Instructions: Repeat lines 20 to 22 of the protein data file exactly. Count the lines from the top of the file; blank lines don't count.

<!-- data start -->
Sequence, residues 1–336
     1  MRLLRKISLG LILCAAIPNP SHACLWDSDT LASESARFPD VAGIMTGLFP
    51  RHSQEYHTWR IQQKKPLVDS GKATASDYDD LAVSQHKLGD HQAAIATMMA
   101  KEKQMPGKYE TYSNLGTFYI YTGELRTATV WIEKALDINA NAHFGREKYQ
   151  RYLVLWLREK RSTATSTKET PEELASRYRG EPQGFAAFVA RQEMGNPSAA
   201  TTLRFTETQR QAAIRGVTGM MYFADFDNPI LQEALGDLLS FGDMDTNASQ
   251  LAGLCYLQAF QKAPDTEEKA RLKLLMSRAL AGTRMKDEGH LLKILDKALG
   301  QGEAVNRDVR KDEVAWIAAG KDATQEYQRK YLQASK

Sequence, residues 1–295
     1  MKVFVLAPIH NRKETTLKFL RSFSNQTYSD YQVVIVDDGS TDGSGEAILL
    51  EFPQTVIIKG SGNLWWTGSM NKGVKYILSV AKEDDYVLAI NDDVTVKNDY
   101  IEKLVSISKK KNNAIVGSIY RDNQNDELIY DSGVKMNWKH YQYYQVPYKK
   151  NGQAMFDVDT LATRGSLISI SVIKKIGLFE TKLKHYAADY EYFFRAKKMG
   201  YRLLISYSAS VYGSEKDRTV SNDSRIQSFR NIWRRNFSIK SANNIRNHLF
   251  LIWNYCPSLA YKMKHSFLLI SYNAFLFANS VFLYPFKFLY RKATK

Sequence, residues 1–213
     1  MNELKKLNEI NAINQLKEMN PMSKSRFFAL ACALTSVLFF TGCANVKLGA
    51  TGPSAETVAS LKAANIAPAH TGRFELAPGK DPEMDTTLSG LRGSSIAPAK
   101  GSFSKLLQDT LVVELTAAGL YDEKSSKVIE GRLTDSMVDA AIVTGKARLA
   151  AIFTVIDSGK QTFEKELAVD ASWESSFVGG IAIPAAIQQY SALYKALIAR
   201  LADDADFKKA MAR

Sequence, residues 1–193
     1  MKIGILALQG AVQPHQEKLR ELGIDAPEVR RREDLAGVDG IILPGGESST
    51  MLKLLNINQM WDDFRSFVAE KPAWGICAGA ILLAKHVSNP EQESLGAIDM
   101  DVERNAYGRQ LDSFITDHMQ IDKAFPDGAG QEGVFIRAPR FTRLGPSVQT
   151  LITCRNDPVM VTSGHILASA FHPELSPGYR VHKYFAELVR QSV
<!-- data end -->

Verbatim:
   151  AIFTVIDSGK QTFEKELAVD ASWESSFVGG IAIPAAIQQY SALYKALIAR
   201  LADDADFKKA MAR

Sequence, residues 1–193